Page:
The New York legislature passed the Reproductive Health Act last Tuesday evening, January 22, 2019, on the 47th anniversary of the Roe vs. Wade decision. A lot of misinformation is propagating on the Internet.

Before reading further, I would encourage you to take a moment to read the bill for yourself here. I also recommend two pieces by Joe Carter, Communications Specialist for the Ethics and Religious Liberty Commission: “Explainer: New York removes Barriers to abortion” and “New York Reveals Where Fight against Abortion is Headed.”

These articles explain what makes the Reproductive Health Act unique, but the major tenet in dispute on social media is about its allowance for abortions after 24 weeks, even up to the due date, if (1) “there is an absence of fetal viability” or (2) “the abortion is necessary to protect the patient’s life or health.” Social media makes it appear as if this is altogether new in the United States, but this is false. New Mexico, Vermont, New Jersey, Oregon, Alaska, Colorado and New Hampshire have also legalized abortion after 24 weeks.  

Much can be said about the Reproductive Health Act, as well as the larger debate between pro-life and pro-choice advocates, but my goal is to address three common objections to (2) above when Christians raise concerns about the new bill.

Objection #1: “But it is the mother’s body.”

Yes, but the baby’s body is also a concern. At 24 weeks, a baby has a high chance of survival outside of the womb. There is no reason to end the baby’s life, even if the mother’s life is at risk.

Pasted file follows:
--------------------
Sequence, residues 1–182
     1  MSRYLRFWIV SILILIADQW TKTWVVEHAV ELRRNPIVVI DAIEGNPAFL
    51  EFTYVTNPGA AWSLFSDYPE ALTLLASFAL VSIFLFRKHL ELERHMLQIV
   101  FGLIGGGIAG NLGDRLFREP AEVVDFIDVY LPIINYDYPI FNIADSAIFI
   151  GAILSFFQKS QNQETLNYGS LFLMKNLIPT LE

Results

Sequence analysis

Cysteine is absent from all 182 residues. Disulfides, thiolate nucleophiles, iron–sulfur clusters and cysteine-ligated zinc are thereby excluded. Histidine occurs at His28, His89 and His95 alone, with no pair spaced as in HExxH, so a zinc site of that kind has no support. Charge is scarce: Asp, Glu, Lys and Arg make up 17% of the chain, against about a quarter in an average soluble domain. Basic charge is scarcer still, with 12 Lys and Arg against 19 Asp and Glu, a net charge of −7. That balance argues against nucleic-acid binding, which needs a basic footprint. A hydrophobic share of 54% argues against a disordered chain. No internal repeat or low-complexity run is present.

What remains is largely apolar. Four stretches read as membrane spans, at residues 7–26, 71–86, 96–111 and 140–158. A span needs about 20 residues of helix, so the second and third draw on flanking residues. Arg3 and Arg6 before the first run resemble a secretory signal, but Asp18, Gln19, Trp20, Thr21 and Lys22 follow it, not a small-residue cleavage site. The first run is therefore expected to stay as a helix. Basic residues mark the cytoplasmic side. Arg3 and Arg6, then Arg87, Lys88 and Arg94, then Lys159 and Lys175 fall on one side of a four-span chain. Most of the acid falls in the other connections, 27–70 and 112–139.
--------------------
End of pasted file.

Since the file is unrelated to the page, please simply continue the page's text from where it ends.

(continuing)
Christians traditionally have believed that a person’s life begins at conception. From the moment a sperm fertilizes an egg, a zygote has a complete set of DNA like the mother and father. The heart, skin, brain and other organs begin to develop during week five of pregnancy. I will not belabor this point, but there is strong evidence that a fetus is not simply a part of the mother’s body but another body—a person—altogether!

Most pro-choice advocates, however, would agree with this assessment but would make a distinction between a “human” and a “person.” Ben R. Crenshaw, a graduate of Denver Seminary, explains,

In the voluminous literature on abortion, a distinction is often drawn between the zygote being a living, human organism (i.e. ontologically human), and some point during fetal development when the fetus becomes a person (existing in a morally relevant sense). Usually, this is known as the ‘decisive moment’ when personhood–and thus human value, rights, and interests obtain for the fetus (p. 71).